I had not heard about the sermon and suggested that the Republican right was just looking for something to complain about. Over the past few days, however, in part to deal fairly with my friend, I have looked into the matter.
The controversy over the sermon seems to have taken its energy from the story in The Washington Post by pool reporter Hamil R. Harris. In part, Harris wrote
“It drives me crazy when the captains of the religious right are always calling us back . . . for blacks to be back in the back of the bus . . . for women to be back in the kitchen . . . for immigrants to be back on their side of the border,” Leon said.Many on the right took umbrage at this. For example, a post on Breitbart titled “Obama’s Easter Service: Pastor Attacks ‘Captains of the Religious Right,’” cites the Washington Post story and ends with
President Obama left his own church in 2008 amidst controversy over his pastor’s incendiary remarks.thereby seeming to equate León with Jeremiah Wright.
I was somewhat reassured that León had not delivered a political tirade on Easter Sunday by a post by Republican blogger Brian Schoeneman. His essay, “What really happened at St. John’s Church on Easter Sunday,” was a defense of the sermon by a parishioner. He wrote
But it was in this discussion of the dangers of nostalgia that he made the comments that created all the conservative hate on Easter. He made the point that he is frustrated when “captains of the religious right” want to call us back to times they say were better, but that those times were also times when blacks had to sit in the back of the bus, when women were kept in the kitchen and immigrants on their side of the border. The point was simple and one I’ve said to many people myself—those of us who pine for the “good old days” need to keep in mind that those good old days weren’t always that great for everybody else.In other words, the “captains of the religious right”—I must admit that I have never encountered this phrase before—want to return to an earlier time, but they are oblivious to the fact that that time was not so good for everyone.
I pointed this essay out to Jane, and, in the ensuing discussion, we decided to look for a transcript of the sermon itself on the Web. (My University of Chicago education always stressed going to original sources.) I did not find a transcript, but I did find a recording of the sermon, which, at least for some purposes, is even better.
We both found the sermon to be well constructed. It is about how we should live as Christians. It is not really about politics. My purpose here, however, is not a religious one. I want to point out just what was said at St. John’s on Easter Sunday. Here is my own transcript of the “controversial” passage. I believe it is correct, but you can listen for yourself. (The passage occurs in about the middle of the sermon.)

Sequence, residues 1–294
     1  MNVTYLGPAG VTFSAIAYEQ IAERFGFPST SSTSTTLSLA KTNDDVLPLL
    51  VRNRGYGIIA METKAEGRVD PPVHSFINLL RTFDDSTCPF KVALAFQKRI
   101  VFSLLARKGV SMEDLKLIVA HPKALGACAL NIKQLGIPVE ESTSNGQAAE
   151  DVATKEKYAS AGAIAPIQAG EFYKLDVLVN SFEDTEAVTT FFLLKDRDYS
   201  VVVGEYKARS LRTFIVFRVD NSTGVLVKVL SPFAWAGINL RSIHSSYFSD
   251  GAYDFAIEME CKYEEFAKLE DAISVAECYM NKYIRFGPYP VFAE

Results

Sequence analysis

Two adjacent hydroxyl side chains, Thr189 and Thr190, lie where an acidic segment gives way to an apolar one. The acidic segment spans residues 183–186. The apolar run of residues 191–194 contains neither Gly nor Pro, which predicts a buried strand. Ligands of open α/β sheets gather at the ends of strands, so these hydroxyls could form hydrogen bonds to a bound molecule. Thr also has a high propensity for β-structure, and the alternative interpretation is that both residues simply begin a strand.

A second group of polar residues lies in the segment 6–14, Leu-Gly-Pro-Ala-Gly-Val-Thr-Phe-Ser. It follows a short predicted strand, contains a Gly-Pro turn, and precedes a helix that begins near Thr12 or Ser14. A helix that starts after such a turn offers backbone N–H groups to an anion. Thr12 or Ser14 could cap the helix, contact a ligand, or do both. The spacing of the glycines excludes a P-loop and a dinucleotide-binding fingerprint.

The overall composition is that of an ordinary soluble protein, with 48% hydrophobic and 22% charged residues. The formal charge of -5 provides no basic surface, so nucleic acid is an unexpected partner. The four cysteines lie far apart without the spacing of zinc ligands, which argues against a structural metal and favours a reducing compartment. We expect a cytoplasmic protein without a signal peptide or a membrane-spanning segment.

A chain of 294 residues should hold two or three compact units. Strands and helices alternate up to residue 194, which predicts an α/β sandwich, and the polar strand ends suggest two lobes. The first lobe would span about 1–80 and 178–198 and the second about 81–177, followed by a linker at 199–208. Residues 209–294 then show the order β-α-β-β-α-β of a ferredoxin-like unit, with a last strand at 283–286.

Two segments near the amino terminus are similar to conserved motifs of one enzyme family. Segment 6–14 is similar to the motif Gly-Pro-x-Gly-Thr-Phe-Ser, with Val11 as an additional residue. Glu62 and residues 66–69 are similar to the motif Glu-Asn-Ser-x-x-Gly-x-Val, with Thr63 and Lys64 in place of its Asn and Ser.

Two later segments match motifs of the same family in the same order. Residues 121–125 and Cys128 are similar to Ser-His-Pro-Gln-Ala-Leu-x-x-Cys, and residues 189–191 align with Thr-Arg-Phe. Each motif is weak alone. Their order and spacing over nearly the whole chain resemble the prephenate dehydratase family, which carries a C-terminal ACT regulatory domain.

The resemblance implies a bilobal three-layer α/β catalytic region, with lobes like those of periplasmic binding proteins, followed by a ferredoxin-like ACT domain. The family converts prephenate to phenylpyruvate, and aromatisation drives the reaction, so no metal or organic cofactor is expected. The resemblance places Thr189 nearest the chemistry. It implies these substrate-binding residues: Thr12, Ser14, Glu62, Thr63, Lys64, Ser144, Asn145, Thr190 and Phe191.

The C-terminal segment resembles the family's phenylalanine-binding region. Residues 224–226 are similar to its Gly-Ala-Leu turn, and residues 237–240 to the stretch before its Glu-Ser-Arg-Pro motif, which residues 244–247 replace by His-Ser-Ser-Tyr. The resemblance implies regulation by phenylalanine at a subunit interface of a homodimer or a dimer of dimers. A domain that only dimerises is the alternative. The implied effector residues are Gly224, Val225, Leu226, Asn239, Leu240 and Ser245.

I hear all the time the expression “the good old days.” Well, the good old days, we forget, may have been good for some, but they weren’t good for everybody. You can’t go back. You can’t live in the past.So, was León the innocent victim of an unprincipled attack? Well, not quite. Did he attack the religious right? Yes, I think so, but only in passing. The attack, such as it was, was used to illustrate his point that, as Christians, we must move forward. It illustrated what he was trying to say; it was not the theme of the sermon.
It drives me crazy when the captains of the religious right are always calling people back, never forward, forgetting that we are called to be a pilgrim people who have agreed never to arrive—that’s true to our faith. The captains of the religious right are always calling us back, back, back—for blacks to be back in the back of the bus, for women to be back in the kitchen, for gays to be in the closet, and for immigrants to be back on their side of the border.
Remember that St. John’s Church is in the heart of political America. Probably most parishioners and visitors are involved directly or indirectly in politics. To illustrate a point, it is natural for the preacher to offer a political example, as that would speak most directly to the congregation. León’s charge is hardly remarkable. I suspect that most moderates and progressives would agree. In fact, I suspect that most conservatives—in their heart of hearts, anyway—would agree that León’s characterization of the “captains of the religious right” is on target.
I invite you to listen to the sermon for yourself. You’ve nothing to lose. Whether or not you think the Rev. Dr. León’s comments were out-of-line, you will, at the very least, hear a great sermon.